Design is playing an increasingly vital role in innovation, competitiveness and the determination of economic value. However, assessing the impact of design or isolating the design factor can be a challenge for a number of reasons. Design is an enabling discipline, and designers working with professionals from other disciplines add value to the process and to the end result. Design is also a crucial factor in many activities that successful organizations do well, from innovation and new product development, to operations and human resource management, to communications and branding. And like most serious organizational strategies, design is not a quick fix. It requires investment over time and commitment from organizational leaders in order to deliver significant returns.
To find out how successful organizations have managed design investment and how their leader think about innovation and design, the Design Industry Advisory Committee, working with the Martin Prosperity Institute at the Rotman School of Management, University of Toronto, conducted a series of videotaped interviews with industry leaders. Funding for this research was provided by Industry Canada, with additional support from the City of Toronto. The case study organizations are working at the cutting edge of innovation, and they are all internationally recognized in their industry sectors. The over-arching indicator of successful investment in design identified in this research is a long-term perspective on innovation. The interview subjects talked about the importance of investing for the long term and continuing to invest in design even in recessionary times. This long-term perspective enables other important activities to take place.
Exhibit 1 below shows the implications of the difference between investment patterns that are focused on the short-term versus the long-term. The figure is designed to be only representative but shows the difference over time of investment and the return on that investment. This figure was developed as a result of the discussions held with the various industry leaders. Specific examples as provided during the interviews are discussed in the research report.
The primary difference between the two approaches, not surprisingly, is in the timing. While the total amount invested may be the same, a short-term focus brings with it an expectation of not only faster returns but also a shorter more intense period for the initial investment. The long-term focus generally means a slower more gradual increase in the investment; but this allows for a more strategic approach to the innovation cycle, with designers and other experts integrated into the process at every stage. We learned from our industry leaders that their organizations continuously take the time to engage with users and respond to and anticipate their needs. They invest in early stage prototyping and testing, consider alternatives and refocus options along the way. They take the time to thoroughly investigate new technologies and materials.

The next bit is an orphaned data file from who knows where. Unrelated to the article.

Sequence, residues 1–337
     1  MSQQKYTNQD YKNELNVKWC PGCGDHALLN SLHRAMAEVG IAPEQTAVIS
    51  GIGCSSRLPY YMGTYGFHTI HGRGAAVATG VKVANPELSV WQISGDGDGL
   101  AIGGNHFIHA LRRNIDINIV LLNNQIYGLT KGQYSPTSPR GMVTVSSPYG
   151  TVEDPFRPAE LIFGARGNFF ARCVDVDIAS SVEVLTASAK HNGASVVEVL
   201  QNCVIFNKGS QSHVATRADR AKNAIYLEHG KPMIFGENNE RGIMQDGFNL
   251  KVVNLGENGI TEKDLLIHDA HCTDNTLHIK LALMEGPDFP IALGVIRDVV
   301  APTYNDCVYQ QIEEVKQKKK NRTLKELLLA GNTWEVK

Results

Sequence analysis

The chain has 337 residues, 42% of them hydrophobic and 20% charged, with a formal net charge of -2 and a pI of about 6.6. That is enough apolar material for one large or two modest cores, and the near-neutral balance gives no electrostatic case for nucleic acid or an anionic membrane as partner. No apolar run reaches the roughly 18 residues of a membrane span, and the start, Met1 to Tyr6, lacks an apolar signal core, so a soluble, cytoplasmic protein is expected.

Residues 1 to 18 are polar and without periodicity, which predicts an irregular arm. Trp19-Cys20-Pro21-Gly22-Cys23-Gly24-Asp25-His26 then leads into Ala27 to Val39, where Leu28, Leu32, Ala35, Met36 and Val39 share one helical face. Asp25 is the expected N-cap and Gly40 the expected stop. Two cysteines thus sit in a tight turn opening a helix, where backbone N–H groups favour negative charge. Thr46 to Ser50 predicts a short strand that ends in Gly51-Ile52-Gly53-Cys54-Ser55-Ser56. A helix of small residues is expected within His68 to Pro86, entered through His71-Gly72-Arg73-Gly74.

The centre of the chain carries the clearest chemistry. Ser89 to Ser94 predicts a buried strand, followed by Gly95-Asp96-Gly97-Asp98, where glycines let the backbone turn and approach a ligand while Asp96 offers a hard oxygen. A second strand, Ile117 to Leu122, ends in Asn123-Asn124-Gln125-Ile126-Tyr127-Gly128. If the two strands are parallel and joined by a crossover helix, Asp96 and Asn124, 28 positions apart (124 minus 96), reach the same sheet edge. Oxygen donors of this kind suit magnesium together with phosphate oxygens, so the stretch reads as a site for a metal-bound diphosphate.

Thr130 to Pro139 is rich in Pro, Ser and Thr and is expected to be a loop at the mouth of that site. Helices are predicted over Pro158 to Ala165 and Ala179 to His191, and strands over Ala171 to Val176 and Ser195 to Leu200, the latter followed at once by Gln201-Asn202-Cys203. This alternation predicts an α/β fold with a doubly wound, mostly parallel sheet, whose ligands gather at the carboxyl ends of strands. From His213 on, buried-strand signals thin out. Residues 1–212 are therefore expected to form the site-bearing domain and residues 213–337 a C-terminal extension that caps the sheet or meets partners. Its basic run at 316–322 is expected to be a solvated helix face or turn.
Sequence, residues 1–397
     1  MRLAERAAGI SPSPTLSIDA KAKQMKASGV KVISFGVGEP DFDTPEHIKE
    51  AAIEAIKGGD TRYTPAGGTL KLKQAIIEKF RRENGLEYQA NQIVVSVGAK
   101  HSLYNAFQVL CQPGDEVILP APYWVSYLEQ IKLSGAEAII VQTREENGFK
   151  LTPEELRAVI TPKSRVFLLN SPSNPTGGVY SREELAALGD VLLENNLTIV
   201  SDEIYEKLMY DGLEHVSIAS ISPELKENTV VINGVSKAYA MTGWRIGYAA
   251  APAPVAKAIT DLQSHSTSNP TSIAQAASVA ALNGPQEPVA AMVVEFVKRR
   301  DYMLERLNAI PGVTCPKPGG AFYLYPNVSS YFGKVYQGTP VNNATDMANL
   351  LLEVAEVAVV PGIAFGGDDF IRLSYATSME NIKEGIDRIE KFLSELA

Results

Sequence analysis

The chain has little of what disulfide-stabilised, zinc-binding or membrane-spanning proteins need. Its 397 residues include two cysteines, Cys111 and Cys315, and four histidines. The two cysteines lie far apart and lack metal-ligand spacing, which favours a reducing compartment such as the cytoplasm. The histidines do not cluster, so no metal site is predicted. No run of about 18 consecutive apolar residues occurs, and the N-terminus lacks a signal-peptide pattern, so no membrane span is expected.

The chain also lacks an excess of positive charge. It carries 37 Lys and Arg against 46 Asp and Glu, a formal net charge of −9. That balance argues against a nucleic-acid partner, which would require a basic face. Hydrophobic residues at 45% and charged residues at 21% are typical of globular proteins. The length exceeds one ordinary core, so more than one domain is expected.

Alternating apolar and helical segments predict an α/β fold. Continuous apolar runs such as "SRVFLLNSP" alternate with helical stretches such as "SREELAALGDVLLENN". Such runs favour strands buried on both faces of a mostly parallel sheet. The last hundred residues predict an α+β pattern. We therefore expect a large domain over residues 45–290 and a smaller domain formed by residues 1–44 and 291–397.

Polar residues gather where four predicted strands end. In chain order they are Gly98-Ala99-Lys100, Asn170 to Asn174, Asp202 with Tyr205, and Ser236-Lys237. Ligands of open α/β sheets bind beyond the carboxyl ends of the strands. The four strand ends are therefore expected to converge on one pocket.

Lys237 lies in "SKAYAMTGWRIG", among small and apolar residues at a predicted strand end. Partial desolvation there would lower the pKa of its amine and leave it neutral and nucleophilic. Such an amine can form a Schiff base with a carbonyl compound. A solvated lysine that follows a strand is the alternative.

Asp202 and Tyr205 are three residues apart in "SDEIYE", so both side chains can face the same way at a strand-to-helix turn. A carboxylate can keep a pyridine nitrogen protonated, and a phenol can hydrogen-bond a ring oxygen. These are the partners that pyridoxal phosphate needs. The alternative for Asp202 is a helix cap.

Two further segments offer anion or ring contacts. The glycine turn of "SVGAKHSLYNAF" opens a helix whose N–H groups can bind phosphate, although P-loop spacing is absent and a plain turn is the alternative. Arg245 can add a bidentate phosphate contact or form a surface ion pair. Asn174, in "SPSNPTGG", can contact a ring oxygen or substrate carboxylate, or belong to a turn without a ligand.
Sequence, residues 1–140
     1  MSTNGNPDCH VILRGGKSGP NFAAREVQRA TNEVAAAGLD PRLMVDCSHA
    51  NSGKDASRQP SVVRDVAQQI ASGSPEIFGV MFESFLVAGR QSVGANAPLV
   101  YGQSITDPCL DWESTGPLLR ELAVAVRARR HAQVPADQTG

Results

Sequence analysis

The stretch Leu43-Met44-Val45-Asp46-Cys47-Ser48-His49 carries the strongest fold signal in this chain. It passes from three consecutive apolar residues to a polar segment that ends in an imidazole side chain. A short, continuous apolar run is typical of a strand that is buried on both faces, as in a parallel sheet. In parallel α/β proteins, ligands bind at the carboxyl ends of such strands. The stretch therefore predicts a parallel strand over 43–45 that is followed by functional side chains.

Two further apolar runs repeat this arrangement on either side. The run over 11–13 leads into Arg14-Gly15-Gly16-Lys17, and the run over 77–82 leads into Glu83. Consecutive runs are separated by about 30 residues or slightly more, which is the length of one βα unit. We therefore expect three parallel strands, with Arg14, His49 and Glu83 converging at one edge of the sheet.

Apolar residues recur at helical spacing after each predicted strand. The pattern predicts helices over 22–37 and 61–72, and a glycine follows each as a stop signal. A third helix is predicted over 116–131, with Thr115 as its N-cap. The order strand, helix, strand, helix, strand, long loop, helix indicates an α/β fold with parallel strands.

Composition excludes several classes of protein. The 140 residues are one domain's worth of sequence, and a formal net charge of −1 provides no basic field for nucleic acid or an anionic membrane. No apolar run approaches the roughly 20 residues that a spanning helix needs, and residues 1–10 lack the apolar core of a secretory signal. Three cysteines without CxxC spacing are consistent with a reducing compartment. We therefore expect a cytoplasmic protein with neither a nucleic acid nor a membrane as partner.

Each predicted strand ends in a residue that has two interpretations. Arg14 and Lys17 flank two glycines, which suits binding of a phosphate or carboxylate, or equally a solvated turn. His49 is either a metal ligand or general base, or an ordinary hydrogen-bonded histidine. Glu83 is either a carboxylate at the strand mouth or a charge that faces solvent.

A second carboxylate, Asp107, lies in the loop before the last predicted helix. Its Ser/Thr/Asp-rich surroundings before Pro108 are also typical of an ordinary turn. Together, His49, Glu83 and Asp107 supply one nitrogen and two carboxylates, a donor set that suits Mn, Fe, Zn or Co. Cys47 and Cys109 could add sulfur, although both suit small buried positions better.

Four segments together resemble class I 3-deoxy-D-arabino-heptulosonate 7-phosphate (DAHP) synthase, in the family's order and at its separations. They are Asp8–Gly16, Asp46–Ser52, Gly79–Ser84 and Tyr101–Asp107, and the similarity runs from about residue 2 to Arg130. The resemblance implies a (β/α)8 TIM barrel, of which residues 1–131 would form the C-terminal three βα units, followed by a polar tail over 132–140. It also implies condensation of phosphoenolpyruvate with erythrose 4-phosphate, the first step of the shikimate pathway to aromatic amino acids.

The other advantage of taking a long-term focus as revealed in the interviews was that, while it might take longer for the return on the investment to develop, those returns would be larger and more sustainable. Of course, this is all highly context sensitive — taking a longer-term approach to something could be a matter of years instead of months, or months instead or weeks. The interviewees also talked about the importance of being focused and timely. The time taken is a trade-off that must be balanced. As the focus of this study was on understanding the business value of design, a longer-term perspective seems almost automatic. However, it came across so strongly in the interviews it is worth repeating.
Exhibit 1: Short-Term versus Long-Term Investment and Return
Jeff Bayley, President and CEO, Canplas
“The paybacks at the start are slow, you make the most mistakes at the start. The product development process has a very, very long gestation period from inception of an idea to actually having it accepted in the marketplace. In our business it can be 10 years.”
Dr. Joseph Cafazzo, Executive Director,
Healthcare Human Factors, University Health Network
“[U]nfortunately what I’m observing in the Canadian market is very small start-ups and even larger companies that just don’t have the time or money to spend on this… But I am sympathetic to the fact that the use of Human Factors and our design process is a bit all-encompassing, so in some instances we wish we could work with more Canadian companies but most of our clients are multi-nationals out of Europe and the U.S.”
David Labistour, President and CEO, MEC
“So what differentiates us is that we’re not putting the profit into shareholders pockets, so we can think long-term, we can plan [out] 5 and 10 years, we can take a much longer net-present value view of [thinking] of investments, and our customer is our owner and our shareholder. So we are not beholden to different masters.”
David Feldberg, President and CEO, Teknion
“We’re very flexible, lean, owner-operated, so we can have a long-term view of life without a quarter-to-quarter distraction like some of our competitors have.”
Les Mandelbaum, President and Co-Founder, Umbra
“You can’t build a brand and develop a product on quarterly results. It makes you do things that are [for] short term profit, not necessarily long term. It doesn’t work for this kind of business model. It’s ok for other business models.”
Paul Rowan, Vice President Inspiration and Co-Founder, Umbra
“Design is at the centre of our business model. It can be the driver for every innovation in every different department.”